- inhibit reactions that involve NF-kappa-Beta (NF-κΒ). NF-κΒ is a protein complex that is involved in the development of inflammation. And the activation of NF-κΒ is seen in various pain conditions like migraines and arthritis. So, by blocking reactions that involve this protein complex, turmeric is able to lower pain throughout the body.
5. Peppermint Tea
Peppermint is a natural muscle relaxant and it has a cooling effect that is very beneficial for painful periods.
So far, research attributes much of peppermint’s pain-reducing properties to menthol, which is a major constituent of this herb.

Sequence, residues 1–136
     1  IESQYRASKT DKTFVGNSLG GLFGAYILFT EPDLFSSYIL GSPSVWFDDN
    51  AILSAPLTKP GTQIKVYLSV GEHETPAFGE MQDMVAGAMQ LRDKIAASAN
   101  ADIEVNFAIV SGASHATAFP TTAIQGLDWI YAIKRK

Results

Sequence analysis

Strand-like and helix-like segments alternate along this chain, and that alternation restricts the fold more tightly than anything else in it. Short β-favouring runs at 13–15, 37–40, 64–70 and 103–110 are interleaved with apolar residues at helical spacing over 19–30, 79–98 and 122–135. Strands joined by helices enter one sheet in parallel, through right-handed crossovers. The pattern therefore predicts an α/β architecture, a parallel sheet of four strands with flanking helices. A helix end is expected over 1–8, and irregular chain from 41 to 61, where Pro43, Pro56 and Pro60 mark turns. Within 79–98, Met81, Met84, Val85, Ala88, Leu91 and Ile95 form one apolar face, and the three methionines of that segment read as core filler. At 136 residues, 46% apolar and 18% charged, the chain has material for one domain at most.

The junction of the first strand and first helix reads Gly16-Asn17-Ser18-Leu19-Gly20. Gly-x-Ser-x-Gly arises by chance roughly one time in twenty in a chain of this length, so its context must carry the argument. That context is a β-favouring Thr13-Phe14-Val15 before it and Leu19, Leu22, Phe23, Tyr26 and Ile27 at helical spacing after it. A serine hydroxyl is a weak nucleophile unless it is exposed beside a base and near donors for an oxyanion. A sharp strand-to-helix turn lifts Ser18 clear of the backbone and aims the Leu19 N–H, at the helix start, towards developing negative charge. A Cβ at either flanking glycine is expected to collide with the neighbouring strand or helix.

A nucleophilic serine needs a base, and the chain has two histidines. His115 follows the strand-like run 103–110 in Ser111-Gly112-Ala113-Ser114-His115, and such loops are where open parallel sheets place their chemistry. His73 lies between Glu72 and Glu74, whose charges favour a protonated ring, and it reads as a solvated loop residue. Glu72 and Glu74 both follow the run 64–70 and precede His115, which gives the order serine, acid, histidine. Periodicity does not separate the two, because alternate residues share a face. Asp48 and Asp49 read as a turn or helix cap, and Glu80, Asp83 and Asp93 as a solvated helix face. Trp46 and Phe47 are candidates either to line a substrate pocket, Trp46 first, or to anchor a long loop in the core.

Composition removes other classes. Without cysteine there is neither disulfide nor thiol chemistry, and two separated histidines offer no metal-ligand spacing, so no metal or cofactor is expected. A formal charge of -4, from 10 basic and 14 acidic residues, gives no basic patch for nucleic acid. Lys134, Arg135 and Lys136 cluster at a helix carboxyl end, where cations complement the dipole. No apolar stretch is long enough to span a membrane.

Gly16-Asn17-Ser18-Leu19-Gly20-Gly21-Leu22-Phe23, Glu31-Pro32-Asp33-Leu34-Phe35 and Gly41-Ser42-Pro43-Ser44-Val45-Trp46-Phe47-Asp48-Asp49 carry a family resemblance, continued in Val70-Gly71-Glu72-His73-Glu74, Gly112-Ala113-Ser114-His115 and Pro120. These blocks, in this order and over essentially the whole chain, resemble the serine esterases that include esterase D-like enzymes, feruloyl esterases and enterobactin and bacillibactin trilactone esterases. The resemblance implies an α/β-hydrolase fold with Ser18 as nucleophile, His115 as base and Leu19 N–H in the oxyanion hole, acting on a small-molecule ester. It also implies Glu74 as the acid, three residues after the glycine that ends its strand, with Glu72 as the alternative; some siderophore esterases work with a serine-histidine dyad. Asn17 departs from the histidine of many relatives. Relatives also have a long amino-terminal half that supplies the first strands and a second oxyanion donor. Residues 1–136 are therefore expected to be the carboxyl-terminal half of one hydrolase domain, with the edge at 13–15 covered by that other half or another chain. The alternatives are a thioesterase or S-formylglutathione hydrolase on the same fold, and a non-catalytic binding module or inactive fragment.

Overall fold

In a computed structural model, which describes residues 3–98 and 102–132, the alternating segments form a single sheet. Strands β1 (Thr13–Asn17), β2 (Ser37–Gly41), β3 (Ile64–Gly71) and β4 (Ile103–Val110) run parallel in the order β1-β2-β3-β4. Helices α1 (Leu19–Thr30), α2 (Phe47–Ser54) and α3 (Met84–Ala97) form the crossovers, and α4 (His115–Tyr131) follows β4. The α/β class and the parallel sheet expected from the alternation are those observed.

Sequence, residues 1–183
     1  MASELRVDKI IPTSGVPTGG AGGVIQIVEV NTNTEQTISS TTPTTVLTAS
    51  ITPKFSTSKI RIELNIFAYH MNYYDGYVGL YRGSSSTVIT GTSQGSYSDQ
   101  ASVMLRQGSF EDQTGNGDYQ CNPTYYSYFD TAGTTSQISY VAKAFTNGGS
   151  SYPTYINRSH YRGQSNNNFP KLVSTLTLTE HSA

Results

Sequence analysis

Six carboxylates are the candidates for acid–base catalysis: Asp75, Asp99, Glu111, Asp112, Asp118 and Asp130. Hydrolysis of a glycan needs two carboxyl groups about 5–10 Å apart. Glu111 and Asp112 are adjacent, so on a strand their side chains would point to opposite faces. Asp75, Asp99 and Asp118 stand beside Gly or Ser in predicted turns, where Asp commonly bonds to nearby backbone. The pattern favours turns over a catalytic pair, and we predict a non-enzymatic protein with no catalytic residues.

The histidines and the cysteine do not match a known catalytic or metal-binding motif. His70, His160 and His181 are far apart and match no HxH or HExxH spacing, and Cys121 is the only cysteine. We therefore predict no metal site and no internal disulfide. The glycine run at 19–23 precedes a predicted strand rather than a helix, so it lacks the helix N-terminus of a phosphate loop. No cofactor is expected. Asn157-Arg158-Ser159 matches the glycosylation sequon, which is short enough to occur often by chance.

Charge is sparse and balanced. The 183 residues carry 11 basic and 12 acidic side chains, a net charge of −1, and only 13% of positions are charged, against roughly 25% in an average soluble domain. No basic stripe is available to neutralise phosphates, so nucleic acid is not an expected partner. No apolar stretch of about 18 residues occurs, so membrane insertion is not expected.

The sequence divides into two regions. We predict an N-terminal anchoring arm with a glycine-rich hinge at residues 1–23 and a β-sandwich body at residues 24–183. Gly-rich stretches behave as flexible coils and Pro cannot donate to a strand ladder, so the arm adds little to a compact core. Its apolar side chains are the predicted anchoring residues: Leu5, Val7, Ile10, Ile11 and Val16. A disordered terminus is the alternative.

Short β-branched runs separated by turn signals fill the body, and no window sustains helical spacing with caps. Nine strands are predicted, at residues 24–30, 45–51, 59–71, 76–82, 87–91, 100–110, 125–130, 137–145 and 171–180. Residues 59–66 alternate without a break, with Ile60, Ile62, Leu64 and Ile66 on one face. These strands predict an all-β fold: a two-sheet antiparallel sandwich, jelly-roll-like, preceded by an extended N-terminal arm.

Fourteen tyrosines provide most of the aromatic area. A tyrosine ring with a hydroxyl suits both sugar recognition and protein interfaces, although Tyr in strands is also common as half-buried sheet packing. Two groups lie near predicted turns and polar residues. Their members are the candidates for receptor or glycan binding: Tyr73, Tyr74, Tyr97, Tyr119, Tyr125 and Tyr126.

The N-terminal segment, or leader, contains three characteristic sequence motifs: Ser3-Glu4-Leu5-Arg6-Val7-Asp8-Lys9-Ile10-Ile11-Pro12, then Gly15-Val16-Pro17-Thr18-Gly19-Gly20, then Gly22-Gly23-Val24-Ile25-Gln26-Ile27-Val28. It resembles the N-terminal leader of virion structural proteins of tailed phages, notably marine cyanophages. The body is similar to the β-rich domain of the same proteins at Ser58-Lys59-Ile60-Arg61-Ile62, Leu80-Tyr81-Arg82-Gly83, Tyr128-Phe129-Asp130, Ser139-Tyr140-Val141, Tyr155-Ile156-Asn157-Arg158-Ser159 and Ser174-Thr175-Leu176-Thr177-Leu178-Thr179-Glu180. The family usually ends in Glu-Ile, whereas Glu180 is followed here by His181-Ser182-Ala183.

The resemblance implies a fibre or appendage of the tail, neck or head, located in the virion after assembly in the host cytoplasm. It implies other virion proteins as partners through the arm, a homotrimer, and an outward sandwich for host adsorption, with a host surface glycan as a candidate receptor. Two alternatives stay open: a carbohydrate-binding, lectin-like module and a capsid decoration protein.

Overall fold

In fact, a 2016 study compared the effects of mint extract and the prescription drug, mefenamic acid (MA) on period cramps.
And the study found that mint is just as effective as MA.
Furthermore, mint also improves other period-related symptoms like nausea and diarrhea.
6. Chamomile Tea
Research shows that chamomile acts as an:
- analgesic (pain reliever).
- antispasmodic (stops involuntary muscle spasms).
- anxiolytic (anti-anxiety).
Given these properties, chamomile is an excellent natural remedy for cramps and PMS!
In addition, chamomile tea helps regulate the actions of dopamine and serotonin, which has a huge impact on our mood.
And just like many of the herbs we’ve already looked at, chamomile has been shown to be just as effective as the prescription drug mefenamic acid.
7. Stinging Nettle Leaf Tea